Pregnant women have been urged to watch their intake of paracetamol, with international experts pushing for warning labels to be added to packets of the popular painkiller.
There is a growing body of research to suggest paracetamol may impact a baby's development in the womb, according to more than 90 scientists, clinicians and public health professionals.
In a "consensus statement" published on Friday in the journal Nature Reviews Endocrinology, the scientists outline their concerns and suggest more research must be undertaken to understand the effects of paracetamol exposure during pregnancy.
The authors reviewed more than 25 years of research, which suggested paracetamol use in pregnancy could be associated with "adverse neurological, urogenital and reproductive outcomes".
But Flinders Medical Centre specialist pharmacist Dr Luke Grzeskowiak, who is not one of the authors, said the absolute risks of these were "low" and most women who took paracetamol during pregnancy would be fine.
"Thinking about numbers of women taking this while pregnant, the vast majority – 95 per cent plus – are going to have a healthy baby," Grzeskowiak said.
"If it was creating a big problem we would know about it by now."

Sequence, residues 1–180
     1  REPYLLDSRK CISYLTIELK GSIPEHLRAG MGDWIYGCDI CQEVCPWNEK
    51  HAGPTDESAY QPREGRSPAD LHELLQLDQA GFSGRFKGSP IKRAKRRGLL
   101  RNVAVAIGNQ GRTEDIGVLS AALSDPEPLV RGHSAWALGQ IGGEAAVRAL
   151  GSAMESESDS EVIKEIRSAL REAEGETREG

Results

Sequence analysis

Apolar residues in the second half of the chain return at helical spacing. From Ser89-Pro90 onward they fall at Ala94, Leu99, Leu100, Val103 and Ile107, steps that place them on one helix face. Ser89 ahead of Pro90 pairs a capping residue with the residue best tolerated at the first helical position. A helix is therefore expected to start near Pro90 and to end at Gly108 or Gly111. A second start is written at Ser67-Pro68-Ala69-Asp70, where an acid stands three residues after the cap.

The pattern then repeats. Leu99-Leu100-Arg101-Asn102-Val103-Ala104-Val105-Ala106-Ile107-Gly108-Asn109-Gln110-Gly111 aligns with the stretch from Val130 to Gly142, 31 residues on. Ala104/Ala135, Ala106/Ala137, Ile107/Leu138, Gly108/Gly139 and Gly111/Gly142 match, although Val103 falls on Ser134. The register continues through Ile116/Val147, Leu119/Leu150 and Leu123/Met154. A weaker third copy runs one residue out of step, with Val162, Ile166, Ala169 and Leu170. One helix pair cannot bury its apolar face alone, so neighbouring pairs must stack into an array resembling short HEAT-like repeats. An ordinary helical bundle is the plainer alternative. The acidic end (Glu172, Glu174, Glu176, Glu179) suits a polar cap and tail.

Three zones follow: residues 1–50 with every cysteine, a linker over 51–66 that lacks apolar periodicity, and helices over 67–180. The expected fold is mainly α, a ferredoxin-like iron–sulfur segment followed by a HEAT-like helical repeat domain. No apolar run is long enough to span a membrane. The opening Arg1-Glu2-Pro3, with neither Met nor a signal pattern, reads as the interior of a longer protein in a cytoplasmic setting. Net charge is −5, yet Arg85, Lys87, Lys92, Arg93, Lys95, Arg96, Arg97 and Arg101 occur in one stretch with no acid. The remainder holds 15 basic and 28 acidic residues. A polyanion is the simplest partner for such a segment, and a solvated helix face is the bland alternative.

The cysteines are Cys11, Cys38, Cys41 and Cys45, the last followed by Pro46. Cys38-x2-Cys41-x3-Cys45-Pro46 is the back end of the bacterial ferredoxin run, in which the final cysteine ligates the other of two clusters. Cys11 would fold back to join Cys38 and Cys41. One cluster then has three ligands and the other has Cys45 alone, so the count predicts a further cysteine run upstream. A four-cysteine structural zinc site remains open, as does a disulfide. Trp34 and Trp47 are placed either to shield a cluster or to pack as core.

Grzeskowiak supported the authors' suggestion for better and more specific research in the area.
While there was some research to suggest there could be an increased risk of undescended testicles, early puberty, or neurological conditions such as attention-deficit hyperactivity disorder associated with the drug, experts say there is still not enough evidence.
The consensus statement published on Friday called for pregnant women to use the lowest dose of the painkiller necessary to treat their issue and speak to a medical professional such as a pharmacist, doctor or midwife about any concerns.
This was especially important if expectant mums were finding they were reaching for paracetamol to address ongoing pain or other issues.
"It could be an underlying condition, such as infection, causing a fever that actually needs to be treated," Grzeskowiak said.
Warning labels should also be included on packages of medications that include paracetamol, according to the group.
A Royal Australian and New Zealand College of Obstetricians and Gynaecologists spokesman said there was "no clear evidence" that paracetamol had any harmful effects on an unborn baby.
"It has been used routinely during all stages of pregnancy to reduce high temperatures and for pain relief," the spokesman said.